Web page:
Friday, 20 January 2017

Review | The One Hundred Nights of Hero by Isabel Greenberg


by Isabel Greenberg

My Rating:


From the author who brought you The Encyclopedia of Early Earth comes another Epic Tale of Derring-Do. Prepare to be dazzled once more by the overwhelming power of stories and see Love prevail in the face of Terrible Adversity! You will read of betrayal, loyalty, madness, bad husbands, lovers both faithful and unfaithful, wise old crones, moons who come out of the sky, musical instruments that won't stay quiet, friends and brothers and fathers and mothers and above all, many, many sisters.

If you say: lesbian retelling of The 1001 Nights, I say: gimme gimme gimme!

When it comes to fairy tale retellings I usually end up reading the Brothers Grimm with a fresh lick of paint, so to read a story inspired by The 1001 Nights instead is always refreshing. To read a retelling with the added twist of LGBT+ protagonists is even better - frankly I think we need more LGBT+ retellings in the world.

I haven't read Isabel Greenberg's The Encyclopedia of Early Earth but I know it was very popular upon its release, but I heard so many people talking about The One Hundred Nights of Hero, and plenty of people including it in their list of favourite reads of 2016, that I couldn't resist picking a copy up for myself. It's been a while since I read a graphic novel and reading this one was like reading Through the Woods meets Nimona: it's a gorgeous tribute to the power of storytelling (and what is The 1001 Nights if not a testament to the power of a good story?) that's both bittersweet at times and brilliantly funny at others.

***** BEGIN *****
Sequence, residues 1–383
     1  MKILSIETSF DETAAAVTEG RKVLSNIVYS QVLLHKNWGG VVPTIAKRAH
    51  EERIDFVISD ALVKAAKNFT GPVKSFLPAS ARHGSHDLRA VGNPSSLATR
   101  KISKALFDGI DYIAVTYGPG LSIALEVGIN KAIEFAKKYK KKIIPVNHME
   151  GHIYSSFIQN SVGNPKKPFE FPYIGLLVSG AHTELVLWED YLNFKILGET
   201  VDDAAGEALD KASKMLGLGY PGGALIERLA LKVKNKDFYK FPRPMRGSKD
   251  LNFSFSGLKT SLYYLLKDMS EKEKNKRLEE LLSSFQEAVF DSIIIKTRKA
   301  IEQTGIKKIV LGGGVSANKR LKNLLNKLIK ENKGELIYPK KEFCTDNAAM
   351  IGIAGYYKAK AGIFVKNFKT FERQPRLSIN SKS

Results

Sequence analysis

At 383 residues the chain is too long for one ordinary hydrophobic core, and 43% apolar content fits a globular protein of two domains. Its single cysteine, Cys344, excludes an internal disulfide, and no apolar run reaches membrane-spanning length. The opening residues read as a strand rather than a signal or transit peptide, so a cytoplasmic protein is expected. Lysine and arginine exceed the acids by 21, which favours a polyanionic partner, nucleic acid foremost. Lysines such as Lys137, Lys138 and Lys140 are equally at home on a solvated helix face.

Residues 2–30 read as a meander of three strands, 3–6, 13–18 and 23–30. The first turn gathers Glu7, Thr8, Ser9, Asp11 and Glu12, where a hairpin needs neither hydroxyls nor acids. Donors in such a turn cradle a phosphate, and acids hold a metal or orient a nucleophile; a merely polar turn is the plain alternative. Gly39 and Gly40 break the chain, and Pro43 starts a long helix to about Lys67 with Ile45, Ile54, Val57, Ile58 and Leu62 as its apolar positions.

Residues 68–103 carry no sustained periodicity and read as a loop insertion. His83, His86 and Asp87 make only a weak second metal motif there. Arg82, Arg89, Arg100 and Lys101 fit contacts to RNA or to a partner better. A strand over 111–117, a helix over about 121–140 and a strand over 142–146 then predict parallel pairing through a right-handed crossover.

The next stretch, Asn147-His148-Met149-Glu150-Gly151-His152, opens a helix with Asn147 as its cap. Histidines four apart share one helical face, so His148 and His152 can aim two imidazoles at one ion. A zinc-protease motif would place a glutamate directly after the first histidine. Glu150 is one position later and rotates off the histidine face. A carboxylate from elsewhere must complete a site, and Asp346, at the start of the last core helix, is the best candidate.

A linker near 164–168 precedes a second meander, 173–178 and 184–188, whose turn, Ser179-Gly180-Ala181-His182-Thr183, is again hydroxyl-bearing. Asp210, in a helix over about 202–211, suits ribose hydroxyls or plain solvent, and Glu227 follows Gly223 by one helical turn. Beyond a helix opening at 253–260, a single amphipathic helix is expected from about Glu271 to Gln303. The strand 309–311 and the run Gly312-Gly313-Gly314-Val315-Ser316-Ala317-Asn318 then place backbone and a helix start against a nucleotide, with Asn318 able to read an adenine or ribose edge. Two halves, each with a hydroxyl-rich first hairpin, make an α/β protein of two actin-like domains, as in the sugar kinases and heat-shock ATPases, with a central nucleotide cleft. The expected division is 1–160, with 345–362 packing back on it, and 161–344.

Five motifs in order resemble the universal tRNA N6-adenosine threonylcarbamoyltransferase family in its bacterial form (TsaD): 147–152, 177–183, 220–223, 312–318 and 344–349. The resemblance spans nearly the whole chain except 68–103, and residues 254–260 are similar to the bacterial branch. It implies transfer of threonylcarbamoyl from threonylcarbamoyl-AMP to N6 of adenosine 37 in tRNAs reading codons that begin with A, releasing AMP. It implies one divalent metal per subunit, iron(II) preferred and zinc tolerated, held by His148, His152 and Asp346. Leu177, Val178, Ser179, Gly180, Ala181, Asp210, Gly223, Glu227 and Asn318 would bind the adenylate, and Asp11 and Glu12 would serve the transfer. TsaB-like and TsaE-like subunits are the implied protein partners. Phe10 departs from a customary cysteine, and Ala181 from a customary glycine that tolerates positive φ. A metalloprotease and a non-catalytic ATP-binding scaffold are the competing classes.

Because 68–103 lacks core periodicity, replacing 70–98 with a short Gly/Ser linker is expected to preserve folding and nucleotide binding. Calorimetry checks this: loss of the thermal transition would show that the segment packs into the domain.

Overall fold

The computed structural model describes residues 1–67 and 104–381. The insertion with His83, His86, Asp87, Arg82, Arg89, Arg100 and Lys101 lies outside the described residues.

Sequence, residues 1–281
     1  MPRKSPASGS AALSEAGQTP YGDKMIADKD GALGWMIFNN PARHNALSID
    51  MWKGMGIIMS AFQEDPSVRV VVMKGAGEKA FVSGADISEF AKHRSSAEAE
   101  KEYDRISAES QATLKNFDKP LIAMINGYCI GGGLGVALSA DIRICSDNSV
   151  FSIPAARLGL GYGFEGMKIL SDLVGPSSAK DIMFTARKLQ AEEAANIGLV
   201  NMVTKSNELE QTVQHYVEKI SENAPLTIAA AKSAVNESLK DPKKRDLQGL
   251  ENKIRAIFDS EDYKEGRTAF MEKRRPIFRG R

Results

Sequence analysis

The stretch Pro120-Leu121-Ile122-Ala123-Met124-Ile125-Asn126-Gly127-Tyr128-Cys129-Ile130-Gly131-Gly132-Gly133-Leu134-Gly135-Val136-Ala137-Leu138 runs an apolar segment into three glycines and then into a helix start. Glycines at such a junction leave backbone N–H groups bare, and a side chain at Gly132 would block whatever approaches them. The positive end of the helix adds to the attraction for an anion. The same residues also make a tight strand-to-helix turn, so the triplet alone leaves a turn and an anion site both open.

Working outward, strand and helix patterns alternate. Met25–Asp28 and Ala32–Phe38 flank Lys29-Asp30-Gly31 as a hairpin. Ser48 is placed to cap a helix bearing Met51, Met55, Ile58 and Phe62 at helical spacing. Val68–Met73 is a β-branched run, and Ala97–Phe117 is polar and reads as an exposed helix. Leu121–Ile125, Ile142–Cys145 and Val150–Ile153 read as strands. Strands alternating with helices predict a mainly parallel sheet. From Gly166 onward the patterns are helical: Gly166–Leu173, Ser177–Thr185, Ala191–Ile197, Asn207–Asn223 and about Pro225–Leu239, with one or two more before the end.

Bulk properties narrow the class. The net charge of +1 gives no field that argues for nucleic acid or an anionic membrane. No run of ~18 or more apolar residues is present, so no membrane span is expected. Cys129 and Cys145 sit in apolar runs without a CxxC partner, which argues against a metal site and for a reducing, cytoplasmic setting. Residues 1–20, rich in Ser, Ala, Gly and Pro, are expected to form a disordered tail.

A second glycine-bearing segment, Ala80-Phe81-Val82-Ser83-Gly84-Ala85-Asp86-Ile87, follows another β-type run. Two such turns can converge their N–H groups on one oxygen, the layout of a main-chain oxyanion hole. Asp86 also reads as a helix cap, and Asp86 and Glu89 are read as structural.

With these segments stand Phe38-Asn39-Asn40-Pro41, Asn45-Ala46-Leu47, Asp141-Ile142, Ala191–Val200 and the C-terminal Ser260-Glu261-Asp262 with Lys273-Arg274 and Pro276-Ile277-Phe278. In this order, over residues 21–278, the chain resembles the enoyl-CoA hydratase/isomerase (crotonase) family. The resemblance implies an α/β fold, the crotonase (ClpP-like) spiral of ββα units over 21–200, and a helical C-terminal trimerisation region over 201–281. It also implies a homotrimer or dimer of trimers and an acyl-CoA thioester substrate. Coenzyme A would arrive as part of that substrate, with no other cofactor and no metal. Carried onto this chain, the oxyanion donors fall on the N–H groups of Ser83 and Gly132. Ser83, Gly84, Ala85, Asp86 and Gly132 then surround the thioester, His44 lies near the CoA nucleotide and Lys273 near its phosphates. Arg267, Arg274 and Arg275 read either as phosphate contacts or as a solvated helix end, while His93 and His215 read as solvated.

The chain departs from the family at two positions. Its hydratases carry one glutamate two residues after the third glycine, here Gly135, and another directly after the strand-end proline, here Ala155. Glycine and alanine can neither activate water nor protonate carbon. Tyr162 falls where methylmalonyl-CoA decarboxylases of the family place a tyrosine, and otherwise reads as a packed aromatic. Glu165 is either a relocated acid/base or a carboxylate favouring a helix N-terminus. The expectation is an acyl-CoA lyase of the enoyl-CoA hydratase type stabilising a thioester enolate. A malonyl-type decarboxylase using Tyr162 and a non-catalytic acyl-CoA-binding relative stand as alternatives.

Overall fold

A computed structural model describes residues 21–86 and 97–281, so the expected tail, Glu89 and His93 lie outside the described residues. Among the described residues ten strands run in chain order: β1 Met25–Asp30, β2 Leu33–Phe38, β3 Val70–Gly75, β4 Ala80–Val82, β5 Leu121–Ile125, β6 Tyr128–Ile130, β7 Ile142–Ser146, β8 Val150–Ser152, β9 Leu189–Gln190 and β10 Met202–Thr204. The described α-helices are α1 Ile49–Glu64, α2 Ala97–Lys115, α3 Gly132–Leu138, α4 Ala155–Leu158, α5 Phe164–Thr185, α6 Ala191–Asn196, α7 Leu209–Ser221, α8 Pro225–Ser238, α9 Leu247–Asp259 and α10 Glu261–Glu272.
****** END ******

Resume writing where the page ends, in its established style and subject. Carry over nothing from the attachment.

Hero and Cherry are lovers in a land where women are second-class citizens, and when Cherry's idiot husband makes a horrible bargain with his idiot friend that said friend won't be able to seduce Cherry over the course of one hundred nights, Hero, who works as Cherry's handmaiden, tells the 'gentleman' stories that distract him from his less-than-noble quest. The novel subsequently weaves in and out of stories with women at their centre, stories that are both dark and whimsical.

I love the clever ways the stories link to one another, the way they cross the line between fantasy and reality in Hero and Cherry's world, and the art style is lovely. Reading this has definitely made me want to check out more of Greenberg's work in future.

I'm still not entirely sure how I feel about the ending, but I had to give The One Hundred Nights of Hero five stars; it's funny and heart-warming and just so darn good. If you haven't read this yet, I highly recommend it!

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